For instance, a drug company might turn to a data broker for a highly specific list that would make it possible to target advertising to specific patient populations—say, all married men older than 50 in Pennsylvania who are experiencing erectile dysfunction. A long-term care insurer might tap into the data to figure out how long you might be expected to live or whether you routinely take your prescribed medicines.


Around the turn of the century, “most of the health data that existed in the world” resided in well-protected medical records, said Deven McGraw, a former official in the Department of Health and Human Services who oversaw health data privacy. “Now we have many more data coming from so many other sources.”

The sale of your personal information by an app, website, or fitness tracker might not bother you, but it should, according to Anna Slomovic, a lead researcher at George Washington University’s Cyber Security Policy and Research Institute.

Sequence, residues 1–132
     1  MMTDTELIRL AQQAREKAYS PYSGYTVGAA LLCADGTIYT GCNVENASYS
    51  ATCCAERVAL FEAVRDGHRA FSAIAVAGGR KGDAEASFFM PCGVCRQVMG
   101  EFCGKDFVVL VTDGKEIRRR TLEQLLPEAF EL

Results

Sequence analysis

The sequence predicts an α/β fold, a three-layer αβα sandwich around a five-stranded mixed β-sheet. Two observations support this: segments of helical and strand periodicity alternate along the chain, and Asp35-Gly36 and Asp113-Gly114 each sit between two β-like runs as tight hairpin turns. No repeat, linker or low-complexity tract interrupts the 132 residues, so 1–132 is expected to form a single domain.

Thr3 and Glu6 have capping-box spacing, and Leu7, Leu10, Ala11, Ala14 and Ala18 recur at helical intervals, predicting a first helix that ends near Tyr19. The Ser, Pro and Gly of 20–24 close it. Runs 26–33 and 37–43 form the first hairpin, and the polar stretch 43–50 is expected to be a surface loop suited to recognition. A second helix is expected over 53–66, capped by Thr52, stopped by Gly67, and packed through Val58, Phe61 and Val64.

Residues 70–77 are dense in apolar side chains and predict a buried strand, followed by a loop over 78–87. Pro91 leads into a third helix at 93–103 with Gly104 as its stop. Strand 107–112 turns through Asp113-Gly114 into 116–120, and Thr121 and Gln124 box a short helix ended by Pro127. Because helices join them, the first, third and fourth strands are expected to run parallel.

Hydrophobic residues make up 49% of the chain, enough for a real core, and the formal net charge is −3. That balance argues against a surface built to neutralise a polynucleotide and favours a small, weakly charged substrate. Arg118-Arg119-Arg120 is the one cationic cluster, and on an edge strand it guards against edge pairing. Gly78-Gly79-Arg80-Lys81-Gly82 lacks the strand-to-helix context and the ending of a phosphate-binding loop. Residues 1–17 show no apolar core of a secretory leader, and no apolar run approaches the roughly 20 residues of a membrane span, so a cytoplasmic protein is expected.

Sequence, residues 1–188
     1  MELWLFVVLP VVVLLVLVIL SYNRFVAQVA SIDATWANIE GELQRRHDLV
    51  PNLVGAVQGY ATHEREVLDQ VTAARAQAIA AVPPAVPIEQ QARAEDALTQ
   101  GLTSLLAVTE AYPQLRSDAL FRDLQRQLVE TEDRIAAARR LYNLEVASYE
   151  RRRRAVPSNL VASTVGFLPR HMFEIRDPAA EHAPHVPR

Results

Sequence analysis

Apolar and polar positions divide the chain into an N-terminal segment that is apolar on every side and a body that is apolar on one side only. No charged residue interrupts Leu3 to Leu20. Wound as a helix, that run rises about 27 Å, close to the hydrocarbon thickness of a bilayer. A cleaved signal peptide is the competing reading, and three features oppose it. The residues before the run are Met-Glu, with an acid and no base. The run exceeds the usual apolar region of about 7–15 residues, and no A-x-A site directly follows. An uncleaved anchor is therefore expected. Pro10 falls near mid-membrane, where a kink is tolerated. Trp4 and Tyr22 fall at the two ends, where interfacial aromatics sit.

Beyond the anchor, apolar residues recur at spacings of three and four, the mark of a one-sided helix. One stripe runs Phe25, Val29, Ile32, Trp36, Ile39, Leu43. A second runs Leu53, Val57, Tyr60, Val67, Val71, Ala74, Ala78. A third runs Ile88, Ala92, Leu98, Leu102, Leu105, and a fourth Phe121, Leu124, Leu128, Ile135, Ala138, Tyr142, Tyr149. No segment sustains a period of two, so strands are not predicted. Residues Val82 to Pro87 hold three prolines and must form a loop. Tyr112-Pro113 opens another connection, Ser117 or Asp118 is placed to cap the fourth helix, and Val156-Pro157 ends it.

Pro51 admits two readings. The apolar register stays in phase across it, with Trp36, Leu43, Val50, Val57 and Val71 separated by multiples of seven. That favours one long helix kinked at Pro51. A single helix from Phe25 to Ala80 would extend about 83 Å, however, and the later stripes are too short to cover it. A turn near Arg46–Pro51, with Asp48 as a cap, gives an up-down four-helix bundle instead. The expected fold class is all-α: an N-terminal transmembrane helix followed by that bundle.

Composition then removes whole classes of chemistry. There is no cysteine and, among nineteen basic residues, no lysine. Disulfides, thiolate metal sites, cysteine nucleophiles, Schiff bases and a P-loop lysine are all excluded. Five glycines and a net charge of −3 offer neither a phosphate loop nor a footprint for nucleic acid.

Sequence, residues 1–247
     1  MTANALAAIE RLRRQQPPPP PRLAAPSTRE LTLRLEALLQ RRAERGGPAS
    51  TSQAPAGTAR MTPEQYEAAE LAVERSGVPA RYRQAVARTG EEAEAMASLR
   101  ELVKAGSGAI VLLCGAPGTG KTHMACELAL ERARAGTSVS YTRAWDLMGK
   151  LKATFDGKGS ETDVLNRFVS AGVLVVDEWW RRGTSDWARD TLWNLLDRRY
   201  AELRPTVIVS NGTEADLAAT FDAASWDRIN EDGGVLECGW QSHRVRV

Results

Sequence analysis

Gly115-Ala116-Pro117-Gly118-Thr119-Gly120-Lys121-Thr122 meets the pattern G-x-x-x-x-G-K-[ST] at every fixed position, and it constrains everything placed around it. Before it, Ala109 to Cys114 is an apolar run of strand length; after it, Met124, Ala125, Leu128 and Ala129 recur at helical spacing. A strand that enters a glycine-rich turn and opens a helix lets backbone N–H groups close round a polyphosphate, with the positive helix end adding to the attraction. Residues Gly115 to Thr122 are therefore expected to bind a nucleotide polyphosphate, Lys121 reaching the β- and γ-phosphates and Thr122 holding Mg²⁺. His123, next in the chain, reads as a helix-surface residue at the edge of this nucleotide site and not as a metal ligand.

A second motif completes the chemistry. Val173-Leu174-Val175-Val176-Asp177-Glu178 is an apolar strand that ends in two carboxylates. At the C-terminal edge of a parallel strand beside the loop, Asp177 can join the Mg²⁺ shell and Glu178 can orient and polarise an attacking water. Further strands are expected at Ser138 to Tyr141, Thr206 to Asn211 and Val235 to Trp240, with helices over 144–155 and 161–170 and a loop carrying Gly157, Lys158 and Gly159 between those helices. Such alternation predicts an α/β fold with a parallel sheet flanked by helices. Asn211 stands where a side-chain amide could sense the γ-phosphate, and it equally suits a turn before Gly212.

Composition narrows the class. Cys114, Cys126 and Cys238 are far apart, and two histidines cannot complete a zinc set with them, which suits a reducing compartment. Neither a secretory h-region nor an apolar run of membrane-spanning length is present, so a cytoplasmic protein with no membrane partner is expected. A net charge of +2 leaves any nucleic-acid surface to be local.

That information can be used to sell you medicine, do medical research or develop drugs or medical devices, she said. Regardless of what’s being done with the data, Slomovic said, people should care just for the fact that your health data is nobody else’s business but yours.

And, since the data collection is unregulated and scattershot, the portrait it paints may be inaccurate. For instance, what if I was buying the beer and nachos for my boyfriend?

Keeping score

Every time you swipe a card to make a purchase, someone is using it to draw conclusions about you.

A report by Gellman and Pam Dixon, a privacy advocate and the executive director of the World Privacy Forum, details how billions of data points are collected on everyone, analyzed and used to tabulate a variety of “consumer scores”—which assess your spending as well as serve as a backdoor glimpse at your health and hobbies.


And there are many kinds of health scores that can be calculated. Health risk scores, frailty scores, brand-name medicine propensity scores are all available.